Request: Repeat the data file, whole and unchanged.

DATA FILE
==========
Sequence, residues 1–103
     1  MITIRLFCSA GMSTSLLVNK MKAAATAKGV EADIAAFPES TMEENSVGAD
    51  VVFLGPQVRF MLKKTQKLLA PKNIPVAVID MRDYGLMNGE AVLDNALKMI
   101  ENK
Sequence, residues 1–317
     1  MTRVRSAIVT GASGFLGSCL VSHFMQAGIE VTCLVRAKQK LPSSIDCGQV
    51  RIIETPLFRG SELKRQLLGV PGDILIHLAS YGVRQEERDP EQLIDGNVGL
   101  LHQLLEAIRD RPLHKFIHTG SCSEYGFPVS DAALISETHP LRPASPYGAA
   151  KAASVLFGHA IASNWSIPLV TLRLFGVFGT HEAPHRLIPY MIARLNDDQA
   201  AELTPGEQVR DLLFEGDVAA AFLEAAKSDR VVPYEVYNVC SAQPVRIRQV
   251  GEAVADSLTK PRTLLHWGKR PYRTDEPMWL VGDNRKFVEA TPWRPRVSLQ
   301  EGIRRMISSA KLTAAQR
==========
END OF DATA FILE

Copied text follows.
Sequence, residues 1–103
     1  MITIRLFCSA GMSTSLLVNK MKAAATAKGV EADIAAFPES TMEENSVGAD
    51  VVFLGPQVRF MLKKTQKLLA PKNIPVAVID MRDYGLMNGE AVLDNALKMI
   101  ENK
Sequence, residues 1–317
     1  MTRVRSAIVT GASGFLGSCL VSHFMQAGIE VTCLVRAKQK LPSSIDCGQV
    51  RIIETPLFRG SELKRQLLGV PGDILIHLAS YGVRQEERDP EQLIDGNVGL
   101  LHQLLEAIRD RPLHKFIHTG SCSEYGFPVS DAALISETHP LRPASPYGAA
   151  KAASVLFGHA IASNWSIPLV TLRLFGVFGT HEAPHRLIPY MIARLNDDQA
   201  AELTPGEQVR DLLFEGDVAA AFLEAAKSDR VVPYEVYNVC SAQPVRIRQV
   251  GEAVADSLTK PRTLLHWGKR PYRTDEPMWL VGDNRKFVEA TPWRPRVSLQ
   301  EGIRRMISSA KLTAAQR